(Bloomberg) — Think you pay too much in taxes? You probably do, if you are like the 46% of Americans who say they’re looking to get a refund check from the IRS this year.
A refund is, as financial planners like to say, an interest-free loan you gave to the U.S. government. But most taxpayers don’t see it that way. Just 7.4% of them agreed with the statement “I don’t like getting tax refunds because it means I overpaid throughout the year” in a nationally representative survey of 1,039 taxpayers by LendingTree Inc. released Monday.
Many consumers overpay as a sort of enforced savings program, and to ensure they don’t have to write a big check to the IRS at tax time. On average, refunds are around $3,000. That’s a nice check to get, but many are now worried about how far their cash will go at a time when inflation is accelerating. Rather than overpay in taxes, using that money during the year to pay off high-interest rate credit cards is one way to try and ease any financial pressures, financial advisers say.
Now is a good time, early in the year, to check that you are having enough tax withheld, or too little, particularly if you’ve had any big life changes in the past year, such as getting a new job, getting married or divorced, buying a home or retiring. Those who want to try and fine tune payments so they don’t get a refund can use the IRS tax withholding estimator; you’ll need last year’s filing on hand to fill it out.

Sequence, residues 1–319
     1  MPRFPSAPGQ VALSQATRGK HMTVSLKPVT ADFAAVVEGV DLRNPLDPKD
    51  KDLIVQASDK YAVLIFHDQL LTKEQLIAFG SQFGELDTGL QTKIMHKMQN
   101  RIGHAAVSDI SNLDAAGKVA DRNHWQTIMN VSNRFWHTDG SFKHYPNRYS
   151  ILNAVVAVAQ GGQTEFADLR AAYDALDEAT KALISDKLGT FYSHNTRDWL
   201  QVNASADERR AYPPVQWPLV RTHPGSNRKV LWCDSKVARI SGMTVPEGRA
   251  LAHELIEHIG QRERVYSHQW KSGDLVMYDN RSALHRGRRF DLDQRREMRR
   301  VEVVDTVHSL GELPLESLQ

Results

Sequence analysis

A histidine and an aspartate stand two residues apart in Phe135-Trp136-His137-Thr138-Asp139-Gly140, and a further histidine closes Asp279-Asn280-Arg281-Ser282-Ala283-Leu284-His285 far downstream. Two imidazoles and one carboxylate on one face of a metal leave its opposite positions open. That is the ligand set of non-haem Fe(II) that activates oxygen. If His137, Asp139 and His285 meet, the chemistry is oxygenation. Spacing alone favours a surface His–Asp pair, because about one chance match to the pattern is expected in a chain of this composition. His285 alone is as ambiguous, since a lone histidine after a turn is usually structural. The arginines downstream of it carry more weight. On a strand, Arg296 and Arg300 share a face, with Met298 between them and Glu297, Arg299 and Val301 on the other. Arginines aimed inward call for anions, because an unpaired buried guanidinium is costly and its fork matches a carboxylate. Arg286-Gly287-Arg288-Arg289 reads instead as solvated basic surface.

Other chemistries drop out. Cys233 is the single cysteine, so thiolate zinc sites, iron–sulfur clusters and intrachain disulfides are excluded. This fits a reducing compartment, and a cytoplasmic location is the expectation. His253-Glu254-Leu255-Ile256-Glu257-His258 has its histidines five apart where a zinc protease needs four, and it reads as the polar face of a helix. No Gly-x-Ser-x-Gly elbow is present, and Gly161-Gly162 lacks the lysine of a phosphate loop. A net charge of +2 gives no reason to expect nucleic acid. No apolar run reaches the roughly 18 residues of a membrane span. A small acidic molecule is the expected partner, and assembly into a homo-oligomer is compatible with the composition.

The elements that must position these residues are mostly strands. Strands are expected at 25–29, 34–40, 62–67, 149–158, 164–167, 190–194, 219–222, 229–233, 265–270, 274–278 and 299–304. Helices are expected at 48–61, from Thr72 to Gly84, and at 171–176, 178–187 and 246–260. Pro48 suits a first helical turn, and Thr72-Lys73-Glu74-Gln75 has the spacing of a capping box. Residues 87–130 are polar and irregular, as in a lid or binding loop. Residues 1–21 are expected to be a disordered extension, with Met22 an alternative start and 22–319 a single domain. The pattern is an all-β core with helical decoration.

Financial planner Marguerita Cheng of Blue Ocean Global Wealth points to other helpful calculators from the Center on Budget and Policy Priorities’s Get it Back campaign, and from TaxAct. Cheng said she always encourages clients who are freelancers, consultants and gig economy workers to join the (free) freelancers union, where they can find good tax information.
More Americans plan to use tax refunds to help build or beef up a cash cushion this year, according to the LendingTree survey. Forty-six percent said refunds would go into savings, up from about 40% in the last two annual surveys. The second-most cited use for a refund was to pay down debt, at 37%.
Among Gen Z taxpayers — those between the ages of 18 and 25 — 62% said they’d send the money into savings. But Gen Z taxpayers were also the most likely to say they would invest their tax refund, at 14%. Slightly more than 10% of millennials said that, along with 7% of Gen X-ers and 6.7% of Baby Boomers. (The survey was taken between Feb. 7 and 10, when the S&P 500 was more than 6% higher than it was as of March 11, and before Russia invaded Ukraine.)
Many Americans don’t have the luxury of investing in the stock market, and will devote their tax refund to paying basic expenses such as rent or a mortgage, and groceries. Among consumers making less than $35,000 a year a hair above 30% said a refund would go to pay such expenses. For those with household income of $100,000 or more the percentage was 15.6%.
Far fewer Americans said this year they would take out a personal loan or use a credit card to pay their taxes – 12%, down from 22%. Even so, “one in five Americans worry that they won’t be able to afford their tax bill this year,” the survey found.
To contact the author of this story:
Suzanne Woolley in New York at [email protected]
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